Confessions of A Horse Mom

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Spring Fever: Spring Risks (part 3)

Inspection before Ingestion


The grass is growing and our horses are excitedly starting to nibble at the little green bits popping through the finally thawed ground. Through all the excitement, and in general, it can be quite easy to over indulge. Most of us think that a green pasture is the best “most natural” thing we can do for our horse. In reality, however, the high sugar levels in grass can be disastrous for your horse’s health, body, hooves and digestive tracts. If your horse spends a lot of time in a grassy turnout, or is out in a pasture make sure you let them adjust to the large quantities of grass slowly. Sugar production in grass is the highest mid-morning so turning your horses out before then could benefit your animal tremendously.

Additionally, many invasive plant species can be poisonous and sometimes fatal to your horse. With spring comes the bloom of beautiful, but potentially poisonous plants. Some of the common culprits frequently found in turnout and fields include:

Ground Ivy: an incredibly invasive and easily spread weed that can quickly take over your turnout. A member of the mint family, ground ivy has heart shaped leaves that have purple flowers in the spring. The species is toxic to horses and extremely hard to eradicate. Your best bet is calling a professional at the first sign of ivy.

Oleander:  an extremely deadly intruder. It is an increasingly used decorative plant but is poisonous to both animals and humans alike. If being used as a decorative plant, even at the entrance of your property, our advice, is remove it. Although the taste is extremely bitter and is definitely not the number one snack on our horses list due to the desirable taste, if accidentally ingested it could be fatal.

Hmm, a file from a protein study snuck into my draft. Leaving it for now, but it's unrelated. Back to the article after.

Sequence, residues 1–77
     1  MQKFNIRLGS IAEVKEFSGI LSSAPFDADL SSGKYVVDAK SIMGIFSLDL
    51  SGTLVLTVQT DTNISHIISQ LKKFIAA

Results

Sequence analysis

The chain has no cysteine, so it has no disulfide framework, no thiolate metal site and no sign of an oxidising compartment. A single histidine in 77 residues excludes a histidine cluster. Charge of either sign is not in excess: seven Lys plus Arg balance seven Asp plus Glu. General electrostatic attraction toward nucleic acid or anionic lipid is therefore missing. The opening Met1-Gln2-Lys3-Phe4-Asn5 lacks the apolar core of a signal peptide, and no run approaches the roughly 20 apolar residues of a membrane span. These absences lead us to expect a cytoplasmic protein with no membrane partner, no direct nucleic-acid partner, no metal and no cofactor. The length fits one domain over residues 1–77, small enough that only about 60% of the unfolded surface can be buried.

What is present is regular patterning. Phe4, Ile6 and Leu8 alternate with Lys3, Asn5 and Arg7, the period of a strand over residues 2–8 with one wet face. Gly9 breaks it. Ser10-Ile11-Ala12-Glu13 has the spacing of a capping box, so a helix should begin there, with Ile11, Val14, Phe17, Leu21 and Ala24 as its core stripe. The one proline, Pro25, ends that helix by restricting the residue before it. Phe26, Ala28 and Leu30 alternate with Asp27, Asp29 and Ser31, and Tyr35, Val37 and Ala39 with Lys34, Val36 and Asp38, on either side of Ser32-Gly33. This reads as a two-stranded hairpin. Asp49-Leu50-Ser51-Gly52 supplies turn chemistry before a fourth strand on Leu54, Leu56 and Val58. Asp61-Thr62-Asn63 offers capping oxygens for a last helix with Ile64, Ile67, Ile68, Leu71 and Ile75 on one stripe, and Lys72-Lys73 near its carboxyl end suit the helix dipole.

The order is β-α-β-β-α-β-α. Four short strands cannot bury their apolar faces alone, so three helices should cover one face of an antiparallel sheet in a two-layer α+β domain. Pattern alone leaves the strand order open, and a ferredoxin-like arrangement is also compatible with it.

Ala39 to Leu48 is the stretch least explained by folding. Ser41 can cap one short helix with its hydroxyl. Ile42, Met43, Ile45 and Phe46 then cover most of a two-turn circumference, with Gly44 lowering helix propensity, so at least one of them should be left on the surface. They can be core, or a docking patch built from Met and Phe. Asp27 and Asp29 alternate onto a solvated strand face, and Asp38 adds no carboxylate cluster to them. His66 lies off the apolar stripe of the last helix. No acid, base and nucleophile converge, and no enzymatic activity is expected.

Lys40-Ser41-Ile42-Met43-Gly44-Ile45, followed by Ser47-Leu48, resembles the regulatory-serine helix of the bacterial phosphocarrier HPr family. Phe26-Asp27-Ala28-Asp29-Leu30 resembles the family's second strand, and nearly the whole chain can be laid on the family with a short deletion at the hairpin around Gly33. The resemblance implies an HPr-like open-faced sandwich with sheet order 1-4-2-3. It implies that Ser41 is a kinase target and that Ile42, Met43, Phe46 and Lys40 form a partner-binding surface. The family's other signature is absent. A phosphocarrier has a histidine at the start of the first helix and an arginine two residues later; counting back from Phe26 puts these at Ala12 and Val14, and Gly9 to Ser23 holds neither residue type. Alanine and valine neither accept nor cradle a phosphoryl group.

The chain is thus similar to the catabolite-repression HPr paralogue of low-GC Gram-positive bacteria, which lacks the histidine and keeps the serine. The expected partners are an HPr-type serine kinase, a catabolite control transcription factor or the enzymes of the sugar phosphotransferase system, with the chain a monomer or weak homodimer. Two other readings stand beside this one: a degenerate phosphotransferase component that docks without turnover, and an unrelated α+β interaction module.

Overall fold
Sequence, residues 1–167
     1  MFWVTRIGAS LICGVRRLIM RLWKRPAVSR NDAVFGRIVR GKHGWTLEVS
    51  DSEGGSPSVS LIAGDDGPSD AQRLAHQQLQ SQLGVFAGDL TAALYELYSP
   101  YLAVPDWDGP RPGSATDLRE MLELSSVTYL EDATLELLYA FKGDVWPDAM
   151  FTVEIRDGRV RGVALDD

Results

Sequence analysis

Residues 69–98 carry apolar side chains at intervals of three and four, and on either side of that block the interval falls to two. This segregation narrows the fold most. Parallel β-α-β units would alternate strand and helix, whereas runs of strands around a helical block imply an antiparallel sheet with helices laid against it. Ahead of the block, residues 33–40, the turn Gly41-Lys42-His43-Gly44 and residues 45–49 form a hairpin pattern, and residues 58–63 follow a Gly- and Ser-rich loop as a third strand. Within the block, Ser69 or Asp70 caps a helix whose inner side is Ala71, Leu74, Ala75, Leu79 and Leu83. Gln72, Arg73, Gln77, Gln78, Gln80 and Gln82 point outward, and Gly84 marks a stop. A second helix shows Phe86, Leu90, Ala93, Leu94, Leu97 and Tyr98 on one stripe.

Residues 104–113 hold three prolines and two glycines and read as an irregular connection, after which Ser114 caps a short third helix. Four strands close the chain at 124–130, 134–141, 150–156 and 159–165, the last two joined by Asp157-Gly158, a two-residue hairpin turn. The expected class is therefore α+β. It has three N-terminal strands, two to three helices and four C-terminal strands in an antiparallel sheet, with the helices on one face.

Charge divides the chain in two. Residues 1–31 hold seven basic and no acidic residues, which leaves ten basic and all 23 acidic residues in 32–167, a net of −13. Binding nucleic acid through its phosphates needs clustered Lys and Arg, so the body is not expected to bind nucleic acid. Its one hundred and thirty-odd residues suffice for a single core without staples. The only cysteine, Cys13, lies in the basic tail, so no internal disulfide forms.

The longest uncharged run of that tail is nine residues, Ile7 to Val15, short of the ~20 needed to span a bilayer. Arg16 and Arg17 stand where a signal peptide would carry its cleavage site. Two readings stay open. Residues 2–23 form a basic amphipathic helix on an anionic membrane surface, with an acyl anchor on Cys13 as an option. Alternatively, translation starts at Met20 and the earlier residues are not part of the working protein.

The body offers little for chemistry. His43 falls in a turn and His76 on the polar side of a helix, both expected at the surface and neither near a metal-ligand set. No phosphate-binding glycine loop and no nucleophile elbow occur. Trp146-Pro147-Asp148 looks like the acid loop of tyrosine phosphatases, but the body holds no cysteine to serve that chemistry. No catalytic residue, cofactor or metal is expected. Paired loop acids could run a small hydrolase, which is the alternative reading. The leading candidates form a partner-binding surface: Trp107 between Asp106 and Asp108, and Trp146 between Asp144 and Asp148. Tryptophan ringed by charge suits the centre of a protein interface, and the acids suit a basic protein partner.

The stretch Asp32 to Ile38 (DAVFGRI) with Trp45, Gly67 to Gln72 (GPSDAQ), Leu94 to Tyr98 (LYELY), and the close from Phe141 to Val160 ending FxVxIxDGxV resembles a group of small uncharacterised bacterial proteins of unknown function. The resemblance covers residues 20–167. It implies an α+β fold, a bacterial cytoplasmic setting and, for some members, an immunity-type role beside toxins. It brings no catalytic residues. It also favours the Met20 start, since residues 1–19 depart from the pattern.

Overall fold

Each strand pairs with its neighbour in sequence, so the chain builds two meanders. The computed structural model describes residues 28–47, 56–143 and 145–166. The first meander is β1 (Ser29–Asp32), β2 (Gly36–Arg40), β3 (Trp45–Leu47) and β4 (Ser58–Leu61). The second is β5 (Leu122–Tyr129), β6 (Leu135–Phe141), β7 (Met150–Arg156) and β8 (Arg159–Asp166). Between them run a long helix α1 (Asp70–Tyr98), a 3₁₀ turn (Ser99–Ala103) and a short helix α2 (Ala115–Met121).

Azaleas: most commonly seen as big flowering shrubs that bloom brightly. The leaves and nectar in this plant are toxic. These toxins can cause symptoms of muscle weakness or even colic. Mistaking these symptoms for anything but azalea poisoning can result in death. Although they are quite beautiful it is beneficial to evict them.

Food For Thought!!!!!!!!!!!!!!!
Identify any questionable roughage before sending your horse out to graze!!


So, my confession you ask?
Not everything is all you can eat, no matter how badly you wish it was…

 May there always be a hoof print next to your foot print,


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